Complex, Emergency Pump Station Repair Yields Unique Rehab Solutions

By Jeff Griffin, Senior Editor | May 2012, Vol. 67 No. 5
Clean-up of upper chamber.

The rehabilitated sluice gate operating chamber in Houston’s Almeda Sims Wastewater Treatment Plant. When this photo was taken, the just-poured floor was in the process of curing.

“The interior forms were set and the 10-foot lift of concrete was poured pushing the Danby panels tight against the forms and integrating them into the wall,” he continued. “This was repeated in 10-foot lifts until the entire structure was complete. Danby panels were installed for the floor and locked in with high-strength flowable grout.”

Rehab needs grow
During the temporary bypassing, it was discovered that there was extreme deterioration of two junction boxes, a sluice gate operating room over the wet well, and two 84-inch diameter concrete connecting pipes.

The project was expanded to repair and line all of these structures with Danby PVC lining.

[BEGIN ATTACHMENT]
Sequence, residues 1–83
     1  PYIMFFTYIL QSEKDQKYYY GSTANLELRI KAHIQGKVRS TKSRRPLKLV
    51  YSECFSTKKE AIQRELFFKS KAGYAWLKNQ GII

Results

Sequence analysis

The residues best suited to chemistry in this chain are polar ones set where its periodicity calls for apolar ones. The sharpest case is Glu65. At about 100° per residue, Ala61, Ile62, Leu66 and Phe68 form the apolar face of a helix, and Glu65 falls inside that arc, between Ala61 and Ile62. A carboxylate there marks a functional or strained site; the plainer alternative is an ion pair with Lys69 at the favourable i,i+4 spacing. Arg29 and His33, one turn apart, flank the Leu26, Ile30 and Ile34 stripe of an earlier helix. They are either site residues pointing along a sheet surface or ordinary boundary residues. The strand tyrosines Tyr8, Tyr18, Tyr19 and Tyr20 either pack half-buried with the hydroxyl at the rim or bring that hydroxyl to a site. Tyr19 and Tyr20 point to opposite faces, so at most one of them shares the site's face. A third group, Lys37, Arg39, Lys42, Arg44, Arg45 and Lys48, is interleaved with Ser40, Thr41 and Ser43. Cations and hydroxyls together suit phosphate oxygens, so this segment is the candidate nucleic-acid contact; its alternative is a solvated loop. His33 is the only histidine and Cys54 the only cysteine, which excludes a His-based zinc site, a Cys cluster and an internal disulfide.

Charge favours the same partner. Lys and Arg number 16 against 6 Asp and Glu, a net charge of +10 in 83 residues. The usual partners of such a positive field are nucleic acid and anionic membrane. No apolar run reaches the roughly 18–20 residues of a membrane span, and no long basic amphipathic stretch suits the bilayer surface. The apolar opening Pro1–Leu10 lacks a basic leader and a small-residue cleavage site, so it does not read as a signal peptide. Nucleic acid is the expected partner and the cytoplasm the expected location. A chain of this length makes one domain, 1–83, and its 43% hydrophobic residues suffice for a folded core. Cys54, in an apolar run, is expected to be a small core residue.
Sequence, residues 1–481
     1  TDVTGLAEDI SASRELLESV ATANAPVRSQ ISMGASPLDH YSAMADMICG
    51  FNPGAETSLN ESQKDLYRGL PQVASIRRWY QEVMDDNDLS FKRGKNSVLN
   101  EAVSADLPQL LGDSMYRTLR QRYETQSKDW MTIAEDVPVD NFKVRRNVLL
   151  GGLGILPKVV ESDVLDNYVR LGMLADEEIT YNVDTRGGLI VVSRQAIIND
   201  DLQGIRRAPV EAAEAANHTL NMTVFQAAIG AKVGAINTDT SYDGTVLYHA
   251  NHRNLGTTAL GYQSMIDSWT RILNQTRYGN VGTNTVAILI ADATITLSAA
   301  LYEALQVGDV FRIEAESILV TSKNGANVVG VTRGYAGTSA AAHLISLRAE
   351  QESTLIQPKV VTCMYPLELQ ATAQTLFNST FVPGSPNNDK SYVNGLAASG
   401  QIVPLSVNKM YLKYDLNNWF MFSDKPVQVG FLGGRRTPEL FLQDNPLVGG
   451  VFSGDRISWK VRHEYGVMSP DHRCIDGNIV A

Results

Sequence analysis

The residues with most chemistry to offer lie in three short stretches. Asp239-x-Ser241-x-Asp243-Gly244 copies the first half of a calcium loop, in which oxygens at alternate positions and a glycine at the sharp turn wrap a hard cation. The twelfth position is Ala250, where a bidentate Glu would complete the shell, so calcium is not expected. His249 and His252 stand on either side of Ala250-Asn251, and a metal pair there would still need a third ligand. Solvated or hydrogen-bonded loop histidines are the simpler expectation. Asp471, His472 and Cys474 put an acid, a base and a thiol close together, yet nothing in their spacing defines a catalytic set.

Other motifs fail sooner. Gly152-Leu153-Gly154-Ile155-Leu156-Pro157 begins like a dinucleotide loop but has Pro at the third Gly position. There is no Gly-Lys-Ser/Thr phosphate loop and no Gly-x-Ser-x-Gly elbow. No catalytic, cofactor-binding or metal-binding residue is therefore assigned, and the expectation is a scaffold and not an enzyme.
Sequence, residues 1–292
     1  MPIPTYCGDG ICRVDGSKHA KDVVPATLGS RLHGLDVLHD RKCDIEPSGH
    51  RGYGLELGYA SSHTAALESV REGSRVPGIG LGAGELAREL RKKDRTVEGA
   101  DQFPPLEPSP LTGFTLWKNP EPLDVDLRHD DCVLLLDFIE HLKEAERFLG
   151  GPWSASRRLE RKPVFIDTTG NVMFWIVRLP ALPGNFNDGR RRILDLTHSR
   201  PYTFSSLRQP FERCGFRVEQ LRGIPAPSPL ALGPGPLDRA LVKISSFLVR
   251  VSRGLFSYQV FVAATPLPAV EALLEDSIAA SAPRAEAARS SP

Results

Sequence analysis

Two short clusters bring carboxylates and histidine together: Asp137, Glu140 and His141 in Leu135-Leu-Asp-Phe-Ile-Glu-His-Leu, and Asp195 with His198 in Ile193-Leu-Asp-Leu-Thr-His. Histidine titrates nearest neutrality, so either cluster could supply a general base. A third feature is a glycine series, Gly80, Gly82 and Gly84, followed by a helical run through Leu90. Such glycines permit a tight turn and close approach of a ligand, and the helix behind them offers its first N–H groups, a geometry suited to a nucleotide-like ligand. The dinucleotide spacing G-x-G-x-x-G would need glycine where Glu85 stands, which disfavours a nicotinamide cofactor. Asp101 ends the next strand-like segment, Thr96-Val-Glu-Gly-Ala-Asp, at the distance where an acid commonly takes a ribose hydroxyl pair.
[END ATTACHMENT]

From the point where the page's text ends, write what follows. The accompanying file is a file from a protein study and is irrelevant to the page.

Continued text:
Building 9 by 9-foot invert.

After the full flow bypass system was installed and operational in November 2011, Boyer crews were able to enter the wet well, clean it and make the repairs to the piping, valves and pumps to get the pump station totally operational. Once these critical functions were restored the rehabilitation of the deteriorated structures and pipes could begin.

“Before the liner could be installed, surfaces were cleaned and a 10,000 psi water blaster was used to remove any loose or deleterious material,” said Boyer. “Personnel entered the 45-foot-deep structure through the influent line. Hydraulic cement and Avanti chemical grout injection were used at joints to control ground water infiltration.”

A removable cofferdam was placed in the diversion chamber to raise the flow level so that three 75-horsepower submersible bypass pumps could operate. The Boyer-designed, proprietary arched coffer dam required no cast-in-place hardware to function in the diversion chamber. A unique feature, added Boyer, is its ability to by-pass the flow over the top without any human action preventing costly sewer over flows.

Installing Danby liner in west 84-inch section.

“Workers were now able to access the connecting sewers, junction boxes and wet well through the dry side of the cofferdam,” Boyer continued. “The bypass pumps could handle the peak dry weather flow and small rain events. When a major storm occurred, crews were evacuated and the flow allowed to top over the cofferdam and flow into the wet well where the now-refurbished main pumps could be activated. Whenever this occurred, major re-cleaning was required.”